The first decent coffee in Perth

Site of the Devonshire Arms Hotel

Site of the Devonshire Arms Hotel

Here in the Dodgy Perth office we have blood type Coffee+. So it’s no surprise we’re excited to hear about the impending launch of a café dedicated to Perth’s first ever bean roaster, Mr Henry Saw.

But in 1852, Henry only sold the roasted beans. He didn’t actually make any coffee. Which for the lazy types in our office is no use at all.

So, the question we asked ourselves was: where was the first decent coffee shop in Perth?

Surprisingly, there wasn’t one until October 1883, when Mrs Woods became manager of the ‘Burnett Coffee Rooms’ in the former Devonshire Arms Hotel. This was on the corner of Hay and Barrack, where the Connor-Quinlan building now stands, currently best known as the home of pen retailer, T. Sharp.

It was no coincidence that a former pub was converted to a coffee palace. This was one of the heights of the temperance movement, and anything that could stop working men drinking was considered a good thing.

Matthew Burnett was a controversial temperance enthusiast. His critics said he was a con man, who got other people to build coffee shops for him in the name of religion, without him having to pay a cent. His followers thought him the man to save Australia from the demon drink.

In either case, Mattie has the honour of opening the first decent coffee shop in Perth.

Mmmm… coffee.

There’s trouble brewing at the coffee stand


You’d be forgiven for not recognising the above building. Its face has completely changed, losing all of the detailing, into the boring blank canvas now called Grand Central Hotel on Wellington Street.

Built in 1903, the Grand Central Coffee Palace was a magnificent hotel, but a hotel without an alcohol license. Didn’t stop a succession of owners selling beer under the counter. Usually to undercover police officers. With predictable results.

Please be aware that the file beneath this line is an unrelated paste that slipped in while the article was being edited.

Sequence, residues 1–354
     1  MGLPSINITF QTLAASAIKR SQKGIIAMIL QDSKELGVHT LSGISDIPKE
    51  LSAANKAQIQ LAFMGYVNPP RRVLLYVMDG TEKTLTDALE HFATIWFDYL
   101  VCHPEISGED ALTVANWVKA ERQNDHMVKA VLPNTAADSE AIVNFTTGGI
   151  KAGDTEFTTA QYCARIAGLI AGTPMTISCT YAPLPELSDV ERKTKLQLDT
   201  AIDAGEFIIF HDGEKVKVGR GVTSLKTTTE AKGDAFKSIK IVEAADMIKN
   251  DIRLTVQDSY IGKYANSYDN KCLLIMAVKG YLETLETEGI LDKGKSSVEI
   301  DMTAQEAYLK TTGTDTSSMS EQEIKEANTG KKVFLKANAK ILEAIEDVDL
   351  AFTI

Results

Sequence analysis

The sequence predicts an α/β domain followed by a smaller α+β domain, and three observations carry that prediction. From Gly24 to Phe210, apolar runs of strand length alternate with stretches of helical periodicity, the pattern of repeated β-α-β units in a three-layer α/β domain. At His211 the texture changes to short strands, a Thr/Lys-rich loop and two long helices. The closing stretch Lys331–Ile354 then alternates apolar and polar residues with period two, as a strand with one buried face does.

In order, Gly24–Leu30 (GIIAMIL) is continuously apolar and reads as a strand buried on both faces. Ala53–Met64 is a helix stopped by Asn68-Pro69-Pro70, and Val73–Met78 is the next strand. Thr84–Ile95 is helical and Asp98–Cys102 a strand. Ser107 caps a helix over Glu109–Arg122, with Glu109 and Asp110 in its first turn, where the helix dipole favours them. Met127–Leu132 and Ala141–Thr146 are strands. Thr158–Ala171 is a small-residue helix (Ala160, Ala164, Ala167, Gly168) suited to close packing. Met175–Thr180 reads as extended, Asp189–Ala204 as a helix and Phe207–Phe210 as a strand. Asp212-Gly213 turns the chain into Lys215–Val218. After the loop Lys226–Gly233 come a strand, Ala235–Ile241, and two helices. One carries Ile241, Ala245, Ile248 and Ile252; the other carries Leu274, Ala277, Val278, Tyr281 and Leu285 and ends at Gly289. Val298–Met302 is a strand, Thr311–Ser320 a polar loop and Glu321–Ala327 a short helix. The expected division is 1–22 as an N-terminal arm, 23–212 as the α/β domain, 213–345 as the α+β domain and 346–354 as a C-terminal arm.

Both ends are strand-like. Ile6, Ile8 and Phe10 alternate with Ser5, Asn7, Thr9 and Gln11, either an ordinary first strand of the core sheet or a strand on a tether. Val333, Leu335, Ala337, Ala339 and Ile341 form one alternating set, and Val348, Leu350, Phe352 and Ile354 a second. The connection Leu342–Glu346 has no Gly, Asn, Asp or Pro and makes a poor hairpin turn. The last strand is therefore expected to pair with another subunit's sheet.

Today, it is a grungy backpackers. The sort of backpackers that gets reviews like this on TripAdvisor:

This place is full of junkies. The beds and rooms, bathrooms, kitchen and common area are truly disgusting. We’ve never stayed in a place like it. Booked for a week but could only stand one night in this hovel.

A century ago, reviews would have also been negative. But back then it was not the owners’ fault.

It was only shortly after opening that the Palace was in trouble. Just like our TripAdvisor guests, visitors would book in for a week but depart in a filthy mood after only one night.

To cater for Perth’s late-night crowd, the council had allowed a café-de-kerb (coffee stand to you and me) to operate directly opposite the Palace on the other side of Wellington Street.

The council, in its wisdom, had also installed a public urinal on the site too. Which attracted even more of the inebriated class.

As soon as the pubs closed, all the drunks in town—of both sexes—would flock to the coffee stall to get some caffeine and a hot pie.

Bedlam then ensued, as brawls broke out every night, and ‘disgusting language’ was shouted until two or three in the morning.

Those guests in the front rooms of the Palace would simply pack up for a quieter hotel somewhere else.

The council said they would try to find somewhere else for the café-de-kerb. This was beyond their capabilities, though, since no new site was apparently available anywhere in Perth.

So, next time you’ve had a night out in the CBD, and feeling a bit tipsy, grab a coffee and a pie, head for Wellington Street and relive the good old days.